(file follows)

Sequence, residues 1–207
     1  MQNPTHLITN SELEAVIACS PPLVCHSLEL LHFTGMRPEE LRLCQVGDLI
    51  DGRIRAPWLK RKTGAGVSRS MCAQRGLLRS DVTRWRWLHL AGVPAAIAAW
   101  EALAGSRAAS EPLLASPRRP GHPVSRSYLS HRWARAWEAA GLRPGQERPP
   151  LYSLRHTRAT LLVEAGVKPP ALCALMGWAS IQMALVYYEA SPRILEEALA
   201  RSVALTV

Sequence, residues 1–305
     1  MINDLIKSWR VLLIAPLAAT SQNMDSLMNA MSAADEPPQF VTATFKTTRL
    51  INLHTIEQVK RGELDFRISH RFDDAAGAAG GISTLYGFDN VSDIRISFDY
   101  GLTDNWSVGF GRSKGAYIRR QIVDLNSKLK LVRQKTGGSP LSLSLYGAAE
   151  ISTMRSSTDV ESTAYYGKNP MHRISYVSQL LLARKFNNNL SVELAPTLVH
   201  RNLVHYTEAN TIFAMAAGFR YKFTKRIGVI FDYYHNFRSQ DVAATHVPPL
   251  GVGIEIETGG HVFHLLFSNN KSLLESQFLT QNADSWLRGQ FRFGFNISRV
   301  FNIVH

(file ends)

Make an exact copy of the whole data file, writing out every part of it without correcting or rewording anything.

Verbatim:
Sequence, residues 1–207
     1  MQNPTHLITN SELEAVIACS PPLVCHSLEL LHFTGMRPEE LRLCQVGDLI
    51  DGRIRAPWLK RKTGAGVSRS MCAQRGLLRS DVTRWRWLHL AGVPAAIAAW
   101  EALAGSRAAS EPLLASPRRP GHPVSRSYLS HRWARAWEAA GLRPGQERPP
   151  LYSLRHTRAT LLVEAGVKPP ALCALMGWAS IQMALVYYEA SPRILEEALA
   201  RSVALTV

Sequence, residues 1–305
     1  MINDLIKSWR VLLIAPLAAT SQNMDSLMNA MSAADEPPQF VTATFKTTRL
    51  INLHTIEQVK RGELDFRISH RFDDAAGAAG GISTLYGFDN VSDIRISFDY
   101  GLTDNWSVGF GRSKGAYIRR QIVDLNSKLK LVRQKTGGSP LSLSLYGAAE
   151  ISTMRSSTDV ESTAYYGKNP MHRISYVSQL LLARKFNNNL SVELAPTLVH
   201  RNLVHYTEAN TIFAMAAGFR YKFTKRIGVI FDYYHNFRSQ DVAATHVPPL
   251  GVGIEIETGG HVFHLLFSNN KSLLESQFLT QNADSWLRGQ FRFGFNISRV
   301  FNIVH